I made some progress with another academic paper, of about 30 pages, although my co-author is now taking the lead there.

I wrote three pieces for magazines, not all out yet.

I set up the first Corporate Accountability Network event for July and began work on the paper I will present at it on the need for an IFRS on tax.

I prepared a paper for an event late in June proposing a new conceptual framework for accountancy that embraces environmental change and brings that issue into the core of the accounting requirements of companies. It’s radical.

I attended a seminar on that issue.

I took part in an all day meeting on the new Global Reporting Initiative country-by-country reporting standard.

I worked on another approach to data appraisal in accounting, which is exploratory right now but feels good.

I got two funding applications in for the Corporate Accountability Network.

I attended three (I think) board meetings, admittedly, mostly by phone.

I spent a lot of time on student marking and appraisal, because it matters to me. And I had some really good students this year. 

And a fair amount of time on a course being developed for the Coffers project to be delivered in September.

Follow up on tax spillover assessments for another big event in September also took place.

I went to Vienna to do a talk linked to the Coffers project. And I did another in Norwich. Both required preparation.

Three other chapters that have to be written over the summer had their outlines written: that means I do now at least know what they are going to say.

And I did the shopping for the family. The boys got fed, albeit not always be me. Sometimes I’m not here. 

I even managed quite a bit of hobby activity. Whilst sons were talked to and there was the odd evening (or more) with friends. And the dog got walked. 

But this weekend I took some time off. And since by Tuesday exams are over in this household I am taking a week off from Wednesday. On my own, for the first time I can recall for a very long time indeed. Just because I need a break, and some Welsh narrow gauge steam, and time to think on one of the books, in particular, because, I admit, that’s what I do on holiday.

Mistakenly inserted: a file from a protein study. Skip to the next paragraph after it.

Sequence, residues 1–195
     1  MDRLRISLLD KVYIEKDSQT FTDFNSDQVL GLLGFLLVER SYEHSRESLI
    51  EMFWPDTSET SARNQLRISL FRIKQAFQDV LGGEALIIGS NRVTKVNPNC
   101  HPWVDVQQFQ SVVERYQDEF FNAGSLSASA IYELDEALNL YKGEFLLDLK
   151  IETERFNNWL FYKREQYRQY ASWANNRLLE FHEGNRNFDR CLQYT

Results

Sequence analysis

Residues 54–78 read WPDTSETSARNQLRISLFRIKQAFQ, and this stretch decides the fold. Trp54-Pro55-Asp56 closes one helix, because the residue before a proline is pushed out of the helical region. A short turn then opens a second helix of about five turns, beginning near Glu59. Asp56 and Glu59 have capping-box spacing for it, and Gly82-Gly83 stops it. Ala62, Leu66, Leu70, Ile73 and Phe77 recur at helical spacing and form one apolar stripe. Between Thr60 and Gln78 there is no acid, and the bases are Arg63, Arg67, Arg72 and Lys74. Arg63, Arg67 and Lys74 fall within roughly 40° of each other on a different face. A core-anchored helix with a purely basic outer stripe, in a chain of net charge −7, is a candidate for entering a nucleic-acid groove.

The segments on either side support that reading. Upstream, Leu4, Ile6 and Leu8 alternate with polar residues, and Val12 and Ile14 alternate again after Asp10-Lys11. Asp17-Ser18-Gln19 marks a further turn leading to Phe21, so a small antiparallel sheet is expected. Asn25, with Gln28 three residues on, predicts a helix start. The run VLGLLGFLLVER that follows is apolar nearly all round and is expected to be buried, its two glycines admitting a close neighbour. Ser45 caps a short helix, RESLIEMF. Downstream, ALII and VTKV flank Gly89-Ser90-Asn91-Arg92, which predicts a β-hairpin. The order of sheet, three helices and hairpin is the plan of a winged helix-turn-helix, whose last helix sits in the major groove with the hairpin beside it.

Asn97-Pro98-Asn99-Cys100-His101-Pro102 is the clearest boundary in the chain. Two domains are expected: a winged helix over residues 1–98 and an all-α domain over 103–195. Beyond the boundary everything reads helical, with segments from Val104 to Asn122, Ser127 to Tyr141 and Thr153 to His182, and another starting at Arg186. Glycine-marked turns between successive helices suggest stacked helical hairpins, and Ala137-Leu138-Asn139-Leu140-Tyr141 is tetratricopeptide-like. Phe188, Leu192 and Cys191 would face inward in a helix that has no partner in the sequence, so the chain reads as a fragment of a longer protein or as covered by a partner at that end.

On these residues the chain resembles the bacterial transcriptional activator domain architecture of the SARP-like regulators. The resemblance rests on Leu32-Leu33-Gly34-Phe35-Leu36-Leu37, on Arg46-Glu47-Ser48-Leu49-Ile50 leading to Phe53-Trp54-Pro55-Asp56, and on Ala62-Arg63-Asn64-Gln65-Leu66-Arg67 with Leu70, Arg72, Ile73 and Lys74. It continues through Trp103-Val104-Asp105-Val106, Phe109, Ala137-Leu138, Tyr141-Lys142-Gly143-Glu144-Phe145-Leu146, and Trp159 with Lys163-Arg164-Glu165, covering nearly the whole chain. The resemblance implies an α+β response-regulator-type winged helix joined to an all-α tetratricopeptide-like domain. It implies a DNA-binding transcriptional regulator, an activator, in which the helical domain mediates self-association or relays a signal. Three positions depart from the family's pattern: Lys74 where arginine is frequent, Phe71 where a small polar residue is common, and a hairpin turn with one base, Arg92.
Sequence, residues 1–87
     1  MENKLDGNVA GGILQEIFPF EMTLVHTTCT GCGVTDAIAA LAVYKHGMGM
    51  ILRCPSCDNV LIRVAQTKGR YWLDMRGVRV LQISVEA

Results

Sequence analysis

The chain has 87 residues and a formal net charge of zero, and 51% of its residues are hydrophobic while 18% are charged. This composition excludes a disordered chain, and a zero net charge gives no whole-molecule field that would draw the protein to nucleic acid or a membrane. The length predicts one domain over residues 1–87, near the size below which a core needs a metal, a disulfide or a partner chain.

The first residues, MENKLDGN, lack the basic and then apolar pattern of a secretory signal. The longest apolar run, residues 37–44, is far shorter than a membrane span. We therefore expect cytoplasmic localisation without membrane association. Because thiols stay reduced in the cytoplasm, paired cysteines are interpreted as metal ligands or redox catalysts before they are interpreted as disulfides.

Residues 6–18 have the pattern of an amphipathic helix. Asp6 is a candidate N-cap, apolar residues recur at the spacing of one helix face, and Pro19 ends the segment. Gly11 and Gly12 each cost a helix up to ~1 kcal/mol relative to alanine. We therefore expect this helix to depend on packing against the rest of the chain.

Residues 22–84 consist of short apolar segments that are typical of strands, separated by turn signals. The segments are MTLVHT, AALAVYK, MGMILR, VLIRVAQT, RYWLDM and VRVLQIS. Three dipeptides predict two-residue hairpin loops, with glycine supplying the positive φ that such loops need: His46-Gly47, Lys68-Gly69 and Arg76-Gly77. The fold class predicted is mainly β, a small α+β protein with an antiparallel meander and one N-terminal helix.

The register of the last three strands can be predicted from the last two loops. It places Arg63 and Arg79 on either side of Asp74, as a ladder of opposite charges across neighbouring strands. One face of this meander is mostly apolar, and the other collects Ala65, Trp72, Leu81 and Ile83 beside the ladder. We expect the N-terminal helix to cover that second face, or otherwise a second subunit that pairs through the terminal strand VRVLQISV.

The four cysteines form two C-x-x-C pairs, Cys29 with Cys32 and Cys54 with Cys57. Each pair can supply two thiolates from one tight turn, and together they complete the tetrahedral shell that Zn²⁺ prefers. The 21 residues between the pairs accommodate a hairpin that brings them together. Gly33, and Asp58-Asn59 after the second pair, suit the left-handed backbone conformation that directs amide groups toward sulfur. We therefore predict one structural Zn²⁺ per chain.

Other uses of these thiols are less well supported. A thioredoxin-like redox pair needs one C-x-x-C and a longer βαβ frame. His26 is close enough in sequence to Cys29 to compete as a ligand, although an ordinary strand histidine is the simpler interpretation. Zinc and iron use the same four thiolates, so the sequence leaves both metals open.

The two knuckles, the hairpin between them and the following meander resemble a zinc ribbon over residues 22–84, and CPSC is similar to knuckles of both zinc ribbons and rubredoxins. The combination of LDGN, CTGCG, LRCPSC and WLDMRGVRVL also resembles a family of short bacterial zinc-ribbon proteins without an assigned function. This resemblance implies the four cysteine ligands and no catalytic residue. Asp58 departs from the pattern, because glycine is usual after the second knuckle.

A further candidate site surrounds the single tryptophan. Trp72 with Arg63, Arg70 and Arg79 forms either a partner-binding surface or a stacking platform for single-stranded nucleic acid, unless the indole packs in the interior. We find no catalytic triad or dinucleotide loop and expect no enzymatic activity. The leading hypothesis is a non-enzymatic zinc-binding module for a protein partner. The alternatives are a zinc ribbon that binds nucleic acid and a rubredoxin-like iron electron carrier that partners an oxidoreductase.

But if you wonder what I do all day, I hope you’ve got some idea now. 

Hits and Misses

Published by Anonymous (not verified) on Wed, 29/05/2019 - 4:57pm in



Looking back at past posts, it’s enjoyable to find those where I went out on a limb and have been proved right by events, or at least supported by subsequent evidence. A couple of examples

It’s less fun when things don’t go as expected. Take Bitcoin as an example. Its uselessness is now even clearer than it was when I started writing about it 2013. Use in legitimate market transactions is almost non-existent, while the darknet illegal markets in which it is the preferred currency are being busted so frequently as to suggest that anyone using them is taking a big risk of losing their money, or worse. Meanwhile, the dream that Bitcoin would justify itself through the magic of blockchain has evaporated. As far as I can tell, cryptocurrencies on the Bitcoin model are the only genuine examples of blockchain technology in actual use (the label has been attached to some other projects for marketing purposes.

I’ve always said that, given the irrationality of markets, no one can predict when Bitcoin will reach its true value of zero, and I was careful to maintain this position when I posted on Bitcoin’s decline below $4000 late last year. Still, I have to admit that I expected this mania finally to come to an end. That hasn’t happened; in fact the price has doubled.

I won’t worry too much about the occasional (or not so occasional) error. My track record is still far better than that of the many pundits who predicted success for the Iraq war and continued claiming imminent victory years after the disaster had become evident. And most of them are still in business, apparently just as credible as ever to their audiences.

For all Ipswich Town supporters….

Published by Anonymous (not verified) on Mon, 06/05/2019 - 1:00am in



Ipswich Town played their last match of the season today. It was a win. They were very rare this year. Next year, for the first time in more than sixty years they will be in what we used to call Division 3. Having been brought up in Ipswich in the days when Portman Rod was the place to be to watch football I can't help but notice that.

So, for those seeking solace, this song from Police Dog Hogan about being the wife of the goalkeeper at Ipswich Town. It seems appropriate:


Building online personas: Has social media become an exercise in self-branding?

Published by Anonymous (not verified) on Tue, 30/04/2019 - 12:45am in

In this post, Gal Oestreicher-Singer, Hilah Geva,  and Maytal Saar-Tsechansky, discuss the extent to which users of twitter use the platform in order to diversify their identities, or to maintain ‘on message’ branded identities. Presenting a novel methodology, their findings suggest that twitter has become a tool for targeted self promotion, behaviour that is especially prevalent in professional bloggers. More than 20 […]